The Harlem Renaissance Through Zora Neale Hurston’s Eyes

“Hitting a Straight Lick With a Crooked Stick” collects 21 stories from throughout her career, including eight that illuminate the Great Migration north.


The Union of the Kushners and the Trumps Seems Like Kismet

A new book considers the merging of real estate dynasties and its lasting impact on American democracy.


Looking for a Book to Read With Friends?

Welcome to Group Text, a new column about books that make you want to talk, ask questions and dwell in another world for a little bit longer. Liz Moore’s “Long Bright River” is our inaugural pick.


‘Cleanness,’ by Garth Greenwell: An Excerpt

An excerpt from “Cleanness,” by Garth Greenwell


‘Abigail,’ by Magda Szabo: An Excerpt

An excerpt from “Abigail,” by Magda Szabo


We Loved the Book and the Movie

Here are a few possible directions “Little Women” might go next.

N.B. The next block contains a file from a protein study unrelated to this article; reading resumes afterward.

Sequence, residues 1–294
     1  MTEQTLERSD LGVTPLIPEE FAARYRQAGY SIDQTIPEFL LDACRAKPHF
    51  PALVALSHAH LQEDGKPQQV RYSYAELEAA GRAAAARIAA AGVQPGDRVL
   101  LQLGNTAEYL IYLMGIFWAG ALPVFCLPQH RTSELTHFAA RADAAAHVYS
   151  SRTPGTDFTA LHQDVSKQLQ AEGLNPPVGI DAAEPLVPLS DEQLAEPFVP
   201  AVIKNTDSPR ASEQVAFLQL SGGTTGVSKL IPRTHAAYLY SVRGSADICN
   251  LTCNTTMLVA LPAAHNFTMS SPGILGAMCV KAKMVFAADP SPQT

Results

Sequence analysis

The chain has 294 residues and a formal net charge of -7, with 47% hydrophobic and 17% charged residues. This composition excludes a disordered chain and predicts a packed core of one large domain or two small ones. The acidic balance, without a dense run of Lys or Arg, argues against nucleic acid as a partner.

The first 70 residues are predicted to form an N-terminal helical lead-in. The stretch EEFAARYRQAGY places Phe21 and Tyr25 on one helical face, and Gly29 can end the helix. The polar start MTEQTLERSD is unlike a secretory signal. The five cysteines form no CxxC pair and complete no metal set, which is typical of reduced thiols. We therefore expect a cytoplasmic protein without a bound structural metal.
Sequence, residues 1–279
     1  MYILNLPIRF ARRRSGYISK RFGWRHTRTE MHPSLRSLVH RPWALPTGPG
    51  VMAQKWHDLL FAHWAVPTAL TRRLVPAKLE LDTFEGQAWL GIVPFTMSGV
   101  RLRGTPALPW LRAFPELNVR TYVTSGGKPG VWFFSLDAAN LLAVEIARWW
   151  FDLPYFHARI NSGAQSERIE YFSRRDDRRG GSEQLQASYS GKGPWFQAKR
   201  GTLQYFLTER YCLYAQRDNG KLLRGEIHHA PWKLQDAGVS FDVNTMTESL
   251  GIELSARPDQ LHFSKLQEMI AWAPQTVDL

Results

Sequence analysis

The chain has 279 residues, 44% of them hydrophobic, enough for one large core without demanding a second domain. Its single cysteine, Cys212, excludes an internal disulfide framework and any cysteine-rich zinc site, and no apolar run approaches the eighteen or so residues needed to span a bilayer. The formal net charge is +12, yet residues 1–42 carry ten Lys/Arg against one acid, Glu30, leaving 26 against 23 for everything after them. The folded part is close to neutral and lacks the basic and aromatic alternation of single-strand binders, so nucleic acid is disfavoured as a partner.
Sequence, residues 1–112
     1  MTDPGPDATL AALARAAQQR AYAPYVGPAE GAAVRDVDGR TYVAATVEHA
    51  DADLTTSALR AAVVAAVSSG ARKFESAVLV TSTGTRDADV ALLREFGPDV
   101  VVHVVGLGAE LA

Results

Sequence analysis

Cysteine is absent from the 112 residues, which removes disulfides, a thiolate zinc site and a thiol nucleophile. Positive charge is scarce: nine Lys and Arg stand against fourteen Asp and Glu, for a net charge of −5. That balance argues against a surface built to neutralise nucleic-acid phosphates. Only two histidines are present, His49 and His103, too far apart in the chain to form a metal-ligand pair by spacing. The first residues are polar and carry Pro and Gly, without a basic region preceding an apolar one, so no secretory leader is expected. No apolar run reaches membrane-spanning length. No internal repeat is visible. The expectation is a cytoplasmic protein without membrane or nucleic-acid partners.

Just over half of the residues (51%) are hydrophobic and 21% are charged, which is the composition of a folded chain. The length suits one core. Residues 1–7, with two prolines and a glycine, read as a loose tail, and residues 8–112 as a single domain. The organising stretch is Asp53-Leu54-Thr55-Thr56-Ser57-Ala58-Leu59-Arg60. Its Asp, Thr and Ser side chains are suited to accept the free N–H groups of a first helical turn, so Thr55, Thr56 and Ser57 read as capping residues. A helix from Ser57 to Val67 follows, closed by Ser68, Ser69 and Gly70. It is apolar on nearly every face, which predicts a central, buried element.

In Magda Szabo’s Magical Novel, a Statue Protects Students From the Nazis

Published in Hungary in 1970 and now translated into English for the first time, “Abigail” is a fable-like story set at a girls’ boarding school during wartime.


Three Books on the Enigma That Is Modern Russia

The lawlessness and corruption that characterize Vladimir Putin’s regime are examined by three authors from many angles, and from top to bottom.


In a Dying Country, Garth Greenwell’s Narrator Comes Alive

For the American hero of “Cleanness,” part of the allure of Bulgaria is that it is disintegrating around him.


Growing Up in the Margins Without Being Marginalized

The narrator of Jessica Andrews’s first novel, “Saltwater,” is a university graduate from the working class, trying to find her place in the wider world.